Dogs are man’s best friend, but sometimes these animals can cause serious harm to individuals when they get aggressive, attack, or bite them. While many people do not consider dogs to be a risk, Maryland dog bites are so common that there is a body of law in the state specifically allowing those hurt by someone else’s dog to sue dog owners for negligence. This does not mean that every dog is a danger, but it is important to be aware of your legal rights when dog bites occur.
For an example of a legal case resulting from a dog bite, take a recent state appellate court opinion. According to the court’s written opinion, the dog bite occurred when the plaintiff’s five-year-old son visited his neighbors’ house to play with their daughter. Their neighbors had two dogs, and usually would put them in crates or in the other room when the son came over to play. But one time, the dogs were not put away, and the five-year-old returned home at some point with a bite on his leg from one of them. The next day, the plaintiffs found out that it had been over a year since the dog had been vaccinated for rabies. The child was treated for his injuries, and also had to receive a series of rabies shots.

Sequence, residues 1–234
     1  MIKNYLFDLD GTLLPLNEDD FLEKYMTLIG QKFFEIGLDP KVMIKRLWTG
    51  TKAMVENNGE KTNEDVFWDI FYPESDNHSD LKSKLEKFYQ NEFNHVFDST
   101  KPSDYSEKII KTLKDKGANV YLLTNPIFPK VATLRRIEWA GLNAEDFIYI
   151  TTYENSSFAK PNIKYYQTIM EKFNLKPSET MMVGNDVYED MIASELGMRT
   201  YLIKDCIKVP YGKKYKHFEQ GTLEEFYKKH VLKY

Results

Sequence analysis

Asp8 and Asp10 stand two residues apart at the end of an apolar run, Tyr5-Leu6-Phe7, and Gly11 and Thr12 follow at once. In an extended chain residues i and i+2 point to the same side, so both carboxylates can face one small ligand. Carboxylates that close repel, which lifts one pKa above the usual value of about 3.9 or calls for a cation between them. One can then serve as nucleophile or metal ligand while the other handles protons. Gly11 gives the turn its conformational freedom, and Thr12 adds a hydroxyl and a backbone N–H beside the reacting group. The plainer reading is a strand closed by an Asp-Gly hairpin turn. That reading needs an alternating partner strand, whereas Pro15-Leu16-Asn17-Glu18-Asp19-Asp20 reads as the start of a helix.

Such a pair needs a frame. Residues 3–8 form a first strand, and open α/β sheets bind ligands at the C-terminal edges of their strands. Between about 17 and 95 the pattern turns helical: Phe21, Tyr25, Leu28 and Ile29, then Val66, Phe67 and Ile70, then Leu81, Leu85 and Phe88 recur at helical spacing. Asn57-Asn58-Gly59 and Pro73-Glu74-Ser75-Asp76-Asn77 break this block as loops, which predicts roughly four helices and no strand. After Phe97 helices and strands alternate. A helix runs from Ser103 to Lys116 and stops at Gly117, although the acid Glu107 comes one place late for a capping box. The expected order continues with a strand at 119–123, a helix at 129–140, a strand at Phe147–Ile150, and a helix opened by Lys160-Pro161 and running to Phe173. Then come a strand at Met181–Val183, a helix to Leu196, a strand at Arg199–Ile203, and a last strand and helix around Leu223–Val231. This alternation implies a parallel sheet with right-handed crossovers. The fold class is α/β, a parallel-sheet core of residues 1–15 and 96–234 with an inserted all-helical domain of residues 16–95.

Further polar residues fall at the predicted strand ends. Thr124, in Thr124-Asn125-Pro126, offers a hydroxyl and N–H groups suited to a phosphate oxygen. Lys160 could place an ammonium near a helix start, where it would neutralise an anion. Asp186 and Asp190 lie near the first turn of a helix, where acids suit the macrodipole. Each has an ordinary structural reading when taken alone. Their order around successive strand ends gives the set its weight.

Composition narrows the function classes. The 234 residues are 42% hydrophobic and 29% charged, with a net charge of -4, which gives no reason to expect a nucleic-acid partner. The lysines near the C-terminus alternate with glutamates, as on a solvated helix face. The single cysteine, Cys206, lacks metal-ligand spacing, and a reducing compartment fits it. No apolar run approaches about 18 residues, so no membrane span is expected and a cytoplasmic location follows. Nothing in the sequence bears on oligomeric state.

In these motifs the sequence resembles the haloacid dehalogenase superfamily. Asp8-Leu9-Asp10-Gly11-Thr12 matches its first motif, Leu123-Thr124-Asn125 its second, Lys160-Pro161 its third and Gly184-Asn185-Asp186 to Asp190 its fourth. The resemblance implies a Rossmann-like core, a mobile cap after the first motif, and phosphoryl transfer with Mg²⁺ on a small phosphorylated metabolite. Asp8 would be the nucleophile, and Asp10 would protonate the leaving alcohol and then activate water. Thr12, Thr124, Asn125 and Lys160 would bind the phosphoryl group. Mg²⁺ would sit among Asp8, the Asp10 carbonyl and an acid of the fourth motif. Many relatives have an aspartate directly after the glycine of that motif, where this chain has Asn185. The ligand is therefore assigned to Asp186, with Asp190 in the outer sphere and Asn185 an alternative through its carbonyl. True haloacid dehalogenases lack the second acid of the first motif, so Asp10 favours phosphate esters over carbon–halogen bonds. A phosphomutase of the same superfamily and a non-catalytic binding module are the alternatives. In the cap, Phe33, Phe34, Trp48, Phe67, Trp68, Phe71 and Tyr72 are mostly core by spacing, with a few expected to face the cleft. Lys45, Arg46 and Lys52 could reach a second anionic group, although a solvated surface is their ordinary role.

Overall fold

Maryland Code section 3-1901 covers personal injuries and deaths caused by a dog. Importantly, Maryland creates a system of strict liability. While some jurisdictions are a bit more lenient for dog owners, and may make the plaintiff prove in court that the owner knew that the dog had vicious or dangerous tendencies (and was likely to attack), Maryland imposes a stricter standard. According to state law, in actions against dog owners for personal injury or death caused by a dog, it is enough to show “evidence that the dog caused the personal injury or death.” Presenting this evidence creates “a rebuttable presumption that the owner knew or should have known that the dog had vicious or dangerous propensities.”